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Jungle Rot

George Brigman

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Album Review

George Brigman sounded like a man out of time on his rare mid-'70s debut, Jungle Rot (though it's not so rare anymore, having been reissued both legitimately and illegitimately on several labels). Unlike the oncoming punks and new wavers, he had an obvious affinity as a keeper of the flame of classic rock forms, most particularly the late-'60s/early-'70s blues-rock of British bands such as the Groundhogs. Yet if this was blues-rock, it was blues-rock the D.I.Y. way, recorded on his own with a mass of hazy distorted guitar lines. It was almost unself-consciously auteurish (and even a bit minimalist) in its presentation, his insistent and repetitive songs fired by belligerent lyrical scuzziness and sullen vocals that were don't-give-a-damn to the point of near-nonchalance. So it's a bit like hearing a punky, pared-down Groundhogs, that band's guitarist and focal point, T.S. McPhee, being one of Brigman's declared heroes. It's the kind of sound that fits the frequent collector description of this kind of music as "mind-melting acid fuzz" (or words to that effect) to a T, though it does get more monotonous over the length of an LP than the top blues-rockers do. Note, though, that despite what you might have read elsewhere, Brigman wasn't purely devoted to thickly fuzzed subdued rants. He also peeled off some nicely silvery and sliding riffs on occasion, sometimes summoning a fetching shy almost-croon for rather gentle reflective rolling bluesy numbers, particularly on the best song, "Schoolgirl." The 2005 CD on Bona Fide adds historical liner notes and three bonus cuts in a marginally less unconventional style that Brigman recorded slightly later with the band Hogwash.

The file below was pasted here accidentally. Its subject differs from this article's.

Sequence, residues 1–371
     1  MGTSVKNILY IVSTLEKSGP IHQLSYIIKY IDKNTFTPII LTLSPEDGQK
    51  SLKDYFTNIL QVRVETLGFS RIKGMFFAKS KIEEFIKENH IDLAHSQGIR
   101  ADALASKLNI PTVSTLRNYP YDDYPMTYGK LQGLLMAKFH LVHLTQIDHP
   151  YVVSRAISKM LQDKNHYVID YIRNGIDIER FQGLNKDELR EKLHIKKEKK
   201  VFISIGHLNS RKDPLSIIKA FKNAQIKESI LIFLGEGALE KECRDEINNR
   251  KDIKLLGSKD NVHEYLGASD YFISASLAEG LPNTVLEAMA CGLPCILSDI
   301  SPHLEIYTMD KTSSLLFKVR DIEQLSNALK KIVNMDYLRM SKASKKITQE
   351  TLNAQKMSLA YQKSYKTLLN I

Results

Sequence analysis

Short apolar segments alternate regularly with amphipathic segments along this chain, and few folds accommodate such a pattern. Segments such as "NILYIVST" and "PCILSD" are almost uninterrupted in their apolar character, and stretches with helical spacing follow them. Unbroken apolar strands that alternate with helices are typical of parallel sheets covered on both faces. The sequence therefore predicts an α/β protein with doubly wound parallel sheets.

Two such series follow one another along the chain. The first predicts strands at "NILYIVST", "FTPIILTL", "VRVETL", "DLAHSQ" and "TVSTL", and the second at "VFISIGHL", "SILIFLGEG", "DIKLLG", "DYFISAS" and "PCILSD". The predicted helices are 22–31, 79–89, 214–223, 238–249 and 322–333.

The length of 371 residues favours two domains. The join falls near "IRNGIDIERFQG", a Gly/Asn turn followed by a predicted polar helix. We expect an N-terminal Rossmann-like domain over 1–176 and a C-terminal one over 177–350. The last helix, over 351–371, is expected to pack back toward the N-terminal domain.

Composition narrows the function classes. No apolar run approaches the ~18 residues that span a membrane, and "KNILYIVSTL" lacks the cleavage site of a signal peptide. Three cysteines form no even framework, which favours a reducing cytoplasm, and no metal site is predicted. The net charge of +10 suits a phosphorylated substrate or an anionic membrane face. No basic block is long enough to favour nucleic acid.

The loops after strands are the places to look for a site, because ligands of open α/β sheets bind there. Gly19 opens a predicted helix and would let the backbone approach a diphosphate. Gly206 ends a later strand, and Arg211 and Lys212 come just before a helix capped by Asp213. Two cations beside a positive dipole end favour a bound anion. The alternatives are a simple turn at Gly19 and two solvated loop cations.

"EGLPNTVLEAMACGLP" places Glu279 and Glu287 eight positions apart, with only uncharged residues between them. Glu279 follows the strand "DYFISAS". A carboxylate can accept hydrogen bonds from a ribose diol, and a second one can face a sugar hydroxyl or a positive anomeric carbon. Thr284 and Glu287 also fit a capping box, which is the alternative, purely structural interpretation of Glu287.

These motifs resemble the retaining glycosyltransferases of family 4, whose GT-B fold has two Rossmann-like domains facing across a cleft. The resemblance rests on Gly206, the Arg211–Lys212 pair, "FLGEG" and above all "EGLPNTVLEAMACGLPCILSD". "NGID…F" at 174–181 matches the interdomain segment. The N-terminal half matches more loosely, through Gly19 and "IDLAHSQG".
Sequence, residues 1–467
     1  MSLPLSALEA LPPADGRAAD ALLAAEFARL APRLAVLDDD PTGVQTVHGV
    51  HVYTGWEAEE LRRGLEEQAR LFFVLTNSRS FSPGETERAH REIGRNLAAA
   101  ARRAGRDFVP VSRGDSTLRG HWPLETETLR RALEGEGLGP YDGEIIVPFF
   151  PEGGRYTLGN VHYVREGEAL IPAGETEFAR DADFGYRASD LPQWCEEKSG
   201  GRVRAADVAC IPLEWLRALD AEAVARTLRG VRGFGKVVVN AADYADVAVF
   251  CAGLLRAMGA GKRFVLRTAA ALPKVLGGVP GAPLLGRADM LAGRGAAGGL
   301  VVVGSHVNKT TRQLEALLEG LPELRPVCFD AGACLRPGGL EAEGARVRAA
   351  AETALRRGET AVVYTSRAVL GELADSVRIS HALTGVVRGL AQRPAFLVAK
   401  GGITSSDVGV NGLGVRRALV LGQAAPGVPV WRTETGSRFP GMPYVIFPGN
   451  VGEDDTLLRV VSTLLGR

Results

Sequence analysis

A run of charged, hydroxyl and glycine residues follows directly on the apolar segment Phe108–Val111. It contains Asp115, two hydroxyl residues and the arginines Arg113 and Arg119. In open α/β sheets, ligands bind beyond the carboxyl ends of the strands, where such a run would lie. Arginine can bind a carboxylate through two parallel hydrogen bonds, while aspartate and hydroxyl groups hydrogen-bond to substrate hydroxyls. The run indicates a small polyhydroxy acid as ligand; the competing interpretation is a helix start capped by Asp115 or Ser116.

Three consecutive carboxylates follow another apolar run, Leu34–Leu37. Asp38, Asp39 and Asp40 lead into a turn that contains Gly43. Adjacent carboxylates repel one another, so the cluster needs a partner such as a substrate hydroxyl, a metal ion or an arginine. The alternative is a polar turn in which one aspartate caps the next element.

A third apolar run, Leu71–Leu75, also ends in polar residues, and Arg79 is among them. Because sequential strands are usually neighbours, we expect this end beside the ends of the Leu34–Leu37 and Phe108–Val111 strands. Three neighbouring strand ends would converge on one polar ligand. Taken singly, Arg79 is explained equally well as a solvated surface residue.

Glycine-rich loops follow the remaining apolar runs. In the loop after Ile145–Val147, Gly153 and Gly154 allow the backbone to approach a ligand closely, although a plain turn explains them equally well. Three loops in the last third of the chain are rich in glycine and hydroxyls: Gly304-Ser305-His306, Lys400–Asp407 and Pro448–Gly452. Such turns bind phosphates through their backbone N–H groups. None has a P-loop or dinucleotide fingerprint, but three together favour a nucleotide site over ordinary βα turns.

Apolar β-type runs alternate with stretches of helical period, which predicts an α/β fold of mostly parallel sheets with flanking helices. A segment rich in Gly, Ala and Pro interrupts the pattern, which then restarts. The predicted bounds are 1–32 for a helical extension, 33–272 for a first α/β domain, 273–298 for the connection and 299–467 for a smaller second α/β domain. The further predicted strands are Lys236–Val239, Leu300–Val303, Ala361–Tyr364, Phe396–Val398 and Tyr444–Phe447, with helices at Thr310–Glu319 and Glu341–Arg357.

Biography

Genre: Rock

Years Active: '00s

George Brigman was a real anomaly in the world of '70s rock — a singer-guitarist whose sound was heavily influenced by British blues-rockers such as the Groundhogs and Cream, yet whose D.I.Y. production and distribution methods were more in line with the ethos soon to be popularized by punk and indie rock. His sound is too uncouth to be embraced by most of the fans of his biggest influences, yet is too indebted to the sounds of late-'60s and early-'70s hard rock to be embraced by punk and new...
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Jungle Rot, George Brigman
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